Archive | Info RSS feed for this section

Jazz Up Your Water

24 May

by Green Gourmet L

Photo from

I was browsing around Old Town this past weekend, and I promised myself I wouldn’t buy anything. I’ve got some summer trips coming up (not to mention a big move to Texas), so I’ve tightened the purse strings. Let’s be honest, the purse strings are super glued together. But I had to make an exception when I came upon this special little guy:

Photo from

This is a French fruit syrup, which is made from 50% fruit juice. It has no chemicals, preservatives, or dyes. No artificial sweeteners.

You can do a bunch of things with this:

  • Sweeten up your favorite hot tea
  • Drizzle over fresh fruit (like the rose or violette flavors)
  • Pour over ice cream or sorbet
  • Add a zing to your homemade salad dressing
  • Mix it into yogurt
  • Make peach flavored ice to put into iced tea
  • Reinvent your favorite cocktail (mint julep anyone?)
  • Make your own soda by adding a splash to your sparkling water

We made our own Orangina using 1 part orange syrup to 9 parts water. So good!  They have a variety of flavors -orange, strawberry, lemon, lime, mint, anise, pineapple, almond, violette, even pamplemousse (my favorite French word). You can see what you remember from your highschool French class on their website. Or, if you’re like me, you can hop on over to Amazon and order your favorite flavor. If you live in DC, head to Old Town Alexandria and check out La Cuisine  to buy Teisseire and other great foodie finds! Enjoy this awesome product and don’t forget you read about it on Green Gourmets!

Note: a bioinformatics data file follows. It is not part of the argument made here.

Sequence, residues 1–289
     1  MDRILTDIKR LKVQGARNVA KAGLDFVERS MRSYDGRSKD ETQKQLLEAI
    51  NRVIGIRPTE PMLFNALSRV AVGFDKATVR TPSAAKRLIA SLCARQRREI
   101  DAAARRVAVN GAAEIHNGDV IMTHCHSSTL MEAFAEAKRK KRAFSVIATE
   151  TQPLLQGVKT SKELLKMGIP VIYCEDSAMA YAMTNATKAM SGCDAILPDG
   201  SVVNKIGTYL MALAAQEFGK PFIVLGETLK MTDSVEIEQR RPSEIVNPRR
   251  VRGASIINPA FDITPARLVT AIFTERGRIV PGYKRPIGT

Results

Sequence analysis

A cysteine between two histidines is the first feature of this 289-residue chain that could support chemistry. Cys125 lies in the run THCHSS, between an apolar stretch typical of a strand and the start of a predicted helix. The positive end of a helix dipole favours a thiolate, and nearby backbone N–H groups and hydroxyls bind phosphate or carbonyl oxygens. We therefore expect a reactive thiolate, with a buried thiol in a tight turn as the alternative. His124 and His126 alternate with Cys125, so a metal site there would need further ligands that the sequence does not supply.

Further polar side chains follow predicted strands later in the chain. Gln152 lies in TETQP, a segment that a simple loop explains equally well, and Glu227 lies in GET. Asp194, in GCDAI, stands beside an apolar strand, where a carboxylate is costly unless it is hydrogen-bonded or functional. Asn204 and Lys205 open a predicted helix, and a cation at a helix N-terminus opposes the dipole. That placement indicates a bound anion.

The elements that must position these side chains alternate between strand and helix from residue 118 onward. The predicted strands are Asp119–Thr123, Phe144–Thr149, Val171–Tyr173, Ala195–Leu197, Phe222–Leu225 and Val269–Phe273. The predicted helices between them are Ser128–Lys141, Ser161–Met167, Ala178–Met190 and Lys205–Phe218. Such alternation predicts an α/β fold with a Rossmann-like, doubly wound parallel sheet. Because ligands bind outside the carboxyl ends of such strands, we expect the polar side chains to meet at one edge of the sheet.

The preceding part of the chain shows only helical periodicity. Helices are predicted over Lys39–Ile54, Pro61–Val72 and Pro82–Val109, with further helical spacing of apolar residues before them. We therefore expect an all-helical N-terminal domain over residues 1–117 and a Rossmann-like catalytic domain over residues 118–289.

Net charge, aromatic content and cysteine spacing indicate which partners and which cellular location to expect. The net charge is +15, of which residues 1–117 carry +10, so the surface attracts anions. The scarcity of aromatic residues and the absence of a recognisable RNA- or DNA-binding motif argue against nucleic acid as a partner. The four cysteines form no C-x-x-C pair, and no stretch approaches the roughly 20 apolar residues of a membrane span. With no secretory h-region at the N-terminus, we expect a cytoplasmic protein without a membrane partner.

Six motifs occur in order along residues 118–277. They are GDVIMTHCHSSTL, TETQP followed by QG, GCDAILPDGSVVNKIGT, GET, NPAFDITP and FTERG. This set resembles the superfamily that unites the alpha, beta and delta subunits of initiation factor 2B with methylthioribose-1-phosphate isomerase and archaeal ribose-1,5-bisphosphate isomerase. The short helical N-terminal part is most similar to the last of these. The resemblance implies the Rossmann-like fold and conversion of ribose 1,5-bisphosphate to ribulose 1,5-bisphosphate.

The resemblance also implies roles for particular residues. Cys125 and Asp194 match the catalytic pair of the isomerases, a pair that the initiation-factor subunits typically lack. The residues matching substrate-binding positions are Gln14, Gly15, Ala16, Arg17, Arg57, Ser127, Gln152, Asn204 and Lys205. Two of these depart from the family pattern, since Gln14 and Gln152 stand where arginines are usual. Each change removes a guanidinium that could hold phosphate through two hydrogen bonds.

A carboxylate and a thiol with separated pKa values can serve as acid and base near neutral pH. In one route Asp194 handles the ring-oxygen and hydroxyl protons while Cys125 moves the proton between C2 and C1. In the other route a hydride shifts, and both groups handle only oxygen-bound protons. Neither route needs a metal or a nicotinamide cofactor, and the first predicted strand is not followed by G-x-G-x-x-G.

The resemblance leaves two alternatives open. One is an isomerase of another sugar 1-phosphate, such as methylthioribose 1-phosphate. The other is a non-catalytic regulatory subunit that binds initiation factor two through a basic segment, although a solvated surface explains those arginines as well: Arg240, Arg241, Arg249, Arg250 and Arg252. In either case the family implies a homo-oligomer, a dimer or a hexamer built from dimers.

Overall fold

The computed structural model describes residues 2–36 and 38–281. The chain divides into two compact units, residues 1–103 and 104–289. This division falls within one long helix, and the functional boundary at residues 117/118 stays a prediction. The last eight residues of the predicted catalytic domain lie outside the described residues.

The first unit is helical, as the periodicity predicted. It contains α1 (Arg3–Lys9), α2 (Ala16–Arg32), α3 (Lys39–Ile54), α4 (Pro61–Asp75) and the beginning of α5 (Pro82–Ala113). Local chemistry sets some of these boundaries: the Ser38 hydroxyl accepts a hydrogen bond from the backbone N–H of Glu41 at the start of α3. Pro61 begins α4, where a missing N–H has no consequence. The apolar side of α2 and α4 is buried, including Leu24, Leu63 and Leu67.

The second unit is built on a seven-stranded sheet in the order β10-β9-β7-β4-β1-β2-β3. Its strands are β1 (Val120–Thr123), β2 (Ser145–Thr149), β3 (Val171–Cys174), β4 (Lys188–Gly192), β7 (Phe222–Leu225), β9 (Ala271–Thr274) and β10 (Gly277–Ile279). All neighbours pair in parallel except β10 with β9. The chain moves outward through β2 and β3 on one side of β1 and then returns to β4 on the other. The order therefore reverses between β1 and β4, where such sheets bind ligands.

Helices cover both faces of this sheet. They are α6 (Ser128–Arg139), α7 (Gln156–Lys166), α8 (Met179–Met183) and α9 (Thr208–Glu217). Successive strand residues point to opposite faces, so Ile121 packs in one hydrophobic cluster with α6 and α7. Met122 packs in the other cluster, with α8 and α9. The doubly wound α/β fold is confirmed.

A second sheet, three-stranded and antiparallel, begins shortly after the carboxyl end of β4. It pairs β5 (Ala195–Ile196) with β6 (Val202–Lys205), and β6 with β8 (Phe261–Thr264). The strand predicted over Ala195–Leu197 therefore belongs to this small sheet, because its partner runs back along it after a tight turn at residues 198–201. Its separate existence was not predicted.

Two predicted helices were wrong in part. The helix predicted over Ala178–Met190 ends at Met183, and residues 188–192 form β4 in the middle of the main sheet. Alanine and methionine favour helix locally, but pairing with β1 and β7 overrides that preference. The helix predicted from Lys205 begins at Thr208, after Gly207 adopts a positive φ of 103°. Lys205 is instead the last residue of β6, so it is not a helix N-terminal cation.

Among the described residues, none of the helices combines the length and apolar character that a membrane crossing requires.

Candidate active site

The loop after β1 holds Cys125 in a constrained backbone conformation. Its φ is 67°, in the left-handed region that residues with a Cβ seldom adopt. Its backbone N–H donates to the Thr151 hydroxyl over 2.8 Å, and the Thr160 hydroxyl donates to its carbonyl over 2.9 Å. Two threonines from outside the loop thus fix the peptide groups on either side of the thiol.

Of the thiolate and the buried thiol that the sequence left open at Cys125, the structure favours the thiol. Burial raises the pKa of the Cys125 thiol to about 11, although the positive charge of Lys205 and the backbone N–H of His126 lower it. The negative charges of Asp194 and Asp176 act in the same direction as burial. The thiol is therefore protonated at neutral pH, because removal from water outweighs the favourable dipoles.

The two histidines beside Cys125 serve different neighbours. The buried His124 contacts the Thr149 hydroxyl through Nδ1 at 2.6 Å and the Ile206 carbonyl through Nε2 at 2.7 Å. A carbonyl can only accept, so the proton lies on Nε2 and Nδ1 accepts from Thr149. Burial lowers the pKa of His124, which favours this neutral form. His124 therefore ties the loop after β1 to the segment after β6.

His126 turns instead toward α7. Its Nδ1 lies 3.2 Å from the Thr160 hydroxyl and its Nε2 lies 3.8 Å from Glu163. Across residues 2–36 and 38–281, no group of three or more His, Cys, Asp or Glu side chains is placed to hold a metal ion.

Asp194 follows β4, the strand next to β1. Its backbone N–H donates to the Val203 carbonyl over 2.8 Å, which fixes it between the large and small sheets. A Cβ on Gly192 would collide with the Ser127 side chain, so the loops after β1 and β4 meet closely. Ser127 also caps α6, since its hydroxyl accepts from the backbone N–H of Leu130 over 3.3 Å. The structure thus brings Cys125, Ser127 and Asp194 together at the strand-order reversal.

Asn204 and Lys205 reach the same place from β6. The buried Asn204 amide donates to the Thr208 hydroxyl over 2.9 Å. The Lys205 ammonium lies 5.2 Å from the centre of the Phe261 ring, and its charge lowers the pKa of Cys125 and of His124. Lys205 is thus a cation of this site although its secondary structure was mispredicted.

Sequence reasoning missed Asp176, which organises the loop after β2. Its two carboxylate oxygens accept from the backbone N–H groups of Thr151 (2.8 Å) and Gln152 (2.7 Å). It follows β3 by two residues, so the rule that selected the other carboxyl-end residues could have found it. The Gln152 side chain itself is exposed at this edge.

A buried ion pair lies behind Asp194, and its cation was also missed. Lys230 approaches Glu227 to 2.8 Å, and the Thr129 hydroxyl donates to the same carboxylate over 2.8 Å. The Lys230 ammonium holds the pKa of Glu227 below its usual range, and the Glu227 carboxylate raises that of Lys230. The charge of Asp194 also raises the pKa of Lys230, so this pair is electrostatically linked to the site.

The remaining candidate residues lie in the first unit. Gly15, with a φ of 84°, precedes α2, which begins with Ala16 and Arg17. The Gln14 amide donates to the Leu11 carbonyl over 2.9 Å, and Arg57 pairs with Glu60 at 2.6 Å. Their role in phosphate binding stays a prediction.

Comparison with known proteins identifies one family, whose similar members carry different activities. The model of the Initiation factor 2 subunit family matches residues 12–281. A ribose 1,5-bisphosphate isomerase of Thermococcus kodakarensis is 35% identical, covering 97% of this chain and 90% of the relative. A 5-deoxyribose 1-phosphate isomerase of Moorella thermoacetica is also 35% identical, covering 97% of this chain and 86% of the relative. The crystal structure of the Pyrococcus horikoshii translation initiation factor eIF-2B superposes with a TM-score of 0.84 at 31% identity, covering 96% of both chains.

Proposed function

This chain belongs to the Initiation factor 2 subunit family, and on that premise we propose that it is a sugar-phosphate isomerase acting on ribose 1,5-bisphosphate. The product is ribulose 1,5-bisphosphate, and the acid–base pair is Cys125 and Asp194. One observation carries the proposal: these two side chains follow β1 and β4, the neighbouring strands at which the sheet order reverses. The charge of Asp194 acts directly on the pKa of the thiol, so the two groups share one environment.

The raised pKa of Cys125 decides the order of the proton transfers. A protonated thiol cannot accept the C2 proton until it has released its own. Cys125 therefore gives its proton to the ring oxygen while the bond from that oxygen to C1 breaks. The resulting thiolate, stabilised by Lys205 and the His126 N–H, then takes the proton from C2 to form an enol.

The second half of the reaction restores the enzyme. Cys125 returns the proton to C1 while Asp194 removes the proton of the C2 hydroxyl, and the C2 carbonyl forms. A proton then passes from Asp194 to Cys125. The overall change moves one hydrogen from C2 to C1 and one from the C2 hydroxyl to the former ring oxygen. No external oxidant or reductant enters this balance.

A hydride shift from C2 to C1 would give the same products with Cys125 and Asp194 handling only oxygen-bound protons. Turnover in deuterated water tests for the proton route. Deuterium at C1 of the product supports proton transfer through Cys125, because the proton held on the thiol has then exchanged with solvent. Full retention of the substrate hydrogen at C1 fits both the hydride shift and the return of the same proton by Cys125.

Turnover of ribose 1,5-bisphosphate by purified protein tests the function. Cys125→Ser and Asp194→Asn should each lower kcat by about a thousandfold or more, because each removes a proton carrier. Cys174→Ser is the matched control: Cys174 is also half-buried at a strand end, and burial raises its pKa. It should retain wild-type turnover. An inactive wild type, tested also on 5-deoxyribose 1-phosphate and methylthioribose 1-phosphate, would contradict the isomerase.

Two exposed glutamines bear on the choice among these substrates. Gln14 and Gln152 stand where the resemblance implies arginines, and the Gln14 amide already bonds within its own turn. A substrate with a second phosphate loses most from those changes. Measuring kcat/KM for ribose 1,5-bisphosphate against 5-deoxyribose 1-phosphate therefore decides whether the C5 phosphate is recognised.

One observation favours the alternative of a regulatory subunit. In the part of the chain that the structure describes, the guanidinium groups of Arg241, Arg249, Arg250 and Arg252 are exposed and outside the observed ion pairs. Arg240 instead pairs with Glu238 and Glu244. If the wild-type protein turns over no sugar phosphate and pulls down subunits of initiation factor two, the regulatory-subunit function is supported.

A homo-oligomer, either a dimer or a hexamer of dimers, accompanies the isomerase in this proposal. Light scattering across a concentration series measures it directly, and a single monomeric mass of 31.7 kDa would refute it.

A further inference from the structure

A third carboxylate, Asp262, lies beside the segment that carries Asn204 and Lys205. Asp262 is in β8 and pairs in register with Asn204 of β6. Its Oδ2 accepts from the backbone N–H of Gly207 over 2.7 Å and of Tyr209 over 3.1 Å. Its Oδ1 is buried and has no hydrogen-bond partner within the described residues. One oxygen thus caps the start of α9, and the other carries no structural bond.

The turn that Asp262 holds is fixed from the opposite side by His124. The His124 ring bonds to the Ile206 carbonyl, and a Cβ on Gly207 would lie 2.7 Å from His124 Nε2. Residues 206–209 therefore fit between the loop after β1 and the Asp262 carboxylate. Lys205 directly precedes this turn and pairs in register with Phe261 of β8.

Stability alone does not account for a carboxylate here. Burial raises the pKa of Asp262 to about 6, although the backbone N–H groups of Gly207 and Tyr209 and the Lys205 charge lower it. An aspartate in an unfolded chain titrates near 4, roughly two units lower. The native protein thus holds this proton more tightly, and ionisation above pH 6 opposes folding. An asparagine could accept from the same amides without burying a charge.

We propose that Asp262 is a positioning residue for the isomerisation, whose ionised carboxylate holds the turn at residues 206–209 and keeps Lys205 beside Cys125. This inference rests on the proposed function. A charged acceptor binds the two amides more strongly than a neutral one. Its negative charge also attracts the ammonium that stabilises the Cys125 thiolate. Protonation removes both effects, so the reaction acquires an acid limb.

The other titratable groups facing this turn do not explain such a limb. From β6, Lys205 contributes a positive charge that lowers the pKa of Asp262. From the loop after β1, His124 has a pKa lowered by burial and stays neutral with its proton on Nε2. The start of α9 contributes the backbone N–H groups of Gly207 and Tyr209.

A Food Tour of the EU Embassies

10 May

by Green Gourmet L

Of all the things going on in DC, people swore up and down that I HAD to go to the “Open House” weekend at the EU Embassies. As I read about the events from last year, I realized that I needed a plan of attack. This year, they were expecting over 50,000 people, long lines, and gorgeous weather. Our plan? Wait in line early for a “popular” open house and then hit the smaller ones later in the day. This plan worked perfectly. Here’s where we went (and the food, of course).